Exclusive: McAleese's son talks of growing up as gay man as he calls for Yes

"Don't be surprised if there is a major TV interview with Ms McAleese and her son Justin on RTE (who came out as gay in an article in this newspaper last Saturday) shortly before May 22"

Fionnán Sheahan

Justin McAleese, the son of former President Mary McAleese, is calling for a Yes vote in the same-sex marriage referendum as he reveals his experience of growing up as a gay man.

This week, Mary McAleese expressed her support for the referendum saying it was "a debate about children".

Writing in today's Irish Independent, Mr McAleese (30) reveals he came out as gay to his family and friends nine years ago.

The only son of Mary and Martin McAleese is active in the campaign for same-sex marriage, serving as joint coordinator of the Yes Equality campaign in the Dublin Bay South constituency. He has had a number of letters on the referendum published in national newspapers. He has been a Fianna Fáil activist since his time as a student in UCD.

He is also a member of the Dublin FrontRunners - a running club for gay, lesbian, bisexual and trans runners.

Mr McAleese is an executive in Ryanair, where he works as Head of Investor Relations.

He previously served as an assistant to Ryanair chief executive Michael O'Leary.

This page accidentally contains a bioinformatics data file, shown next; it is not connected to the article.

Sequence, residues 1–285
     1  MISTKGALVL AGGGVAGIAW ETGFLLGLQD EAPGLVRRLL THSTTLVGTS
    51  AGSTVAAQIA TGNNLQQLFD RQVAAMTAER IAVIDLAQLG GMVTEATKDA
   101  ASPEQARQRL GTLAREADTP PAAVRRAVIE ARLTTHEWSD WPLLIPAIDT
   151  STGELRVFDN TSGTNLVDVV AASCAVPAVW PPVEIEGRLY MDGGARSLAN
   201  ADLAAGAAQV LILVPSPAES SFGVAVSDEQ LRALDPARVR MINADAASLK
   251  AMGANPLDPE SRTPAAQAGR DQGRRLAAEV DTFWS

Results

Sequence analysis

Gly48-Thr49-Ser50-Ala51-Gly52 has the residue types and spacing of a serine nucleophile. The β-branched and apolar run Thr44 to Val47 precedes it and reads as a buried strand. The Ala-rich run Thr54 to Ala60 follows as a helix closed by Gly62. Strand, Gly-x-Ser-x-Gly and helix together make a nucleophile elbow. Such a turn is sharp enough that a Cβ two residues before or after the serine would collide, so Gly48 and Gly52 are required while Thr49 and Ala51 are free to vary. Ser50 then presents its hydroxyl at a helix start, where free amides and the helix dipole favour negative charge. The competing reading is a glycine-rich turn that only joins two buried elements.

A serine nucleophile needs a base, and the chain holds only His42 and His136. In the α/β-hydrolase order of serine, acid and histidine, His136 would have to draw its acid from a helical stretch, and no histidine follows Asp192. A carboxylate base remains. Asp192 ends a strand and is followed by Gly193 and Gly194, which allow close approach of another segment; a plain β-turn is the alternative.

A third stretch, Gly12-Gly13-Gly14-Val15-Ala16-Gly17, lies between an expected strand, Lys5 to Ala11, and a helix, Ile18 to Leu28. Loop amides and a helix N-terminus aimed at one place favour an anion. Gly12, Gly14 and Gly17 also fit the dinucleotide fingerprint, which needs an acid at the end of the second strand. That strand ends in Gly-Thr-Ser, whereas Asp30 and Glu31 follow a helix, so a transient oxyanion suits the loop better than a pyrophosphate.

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In the article, he references the highly publicised same-sex marriage of former Unionist political adviser Steven King to his partner in Canada in 2005.

He says he was "on the verge of coming out" when friends laughed and joked about two men getting married.

And this was followed by comments by Ian Paisley Jnr, which he says were not challenged.

"So I stayed in the closet for another 18 months. Language matters, words matter, marriage matters," he says.

This week, his mother called the referendum a "human rights issue" - saying the referendum was about the future of Ireland's children. She said she and her husband, Martin, believe that everyone should be able to "love someone for life" and have that love recognised "at the highest level of Irish society".

"It is a debate about children, people have been saying it's about children - and we believe it to be about Ireland's gay children and about their future and about the kind of future we want for Ireland. We want, in the words of the proclamation: 'The children of a nation to be cherished equally'," she said.

However, No campaigners have criticised her stance, rejecting suggestions it is a human rights issue and questioning her views on the teachings of the Catholic church on a variety of topics.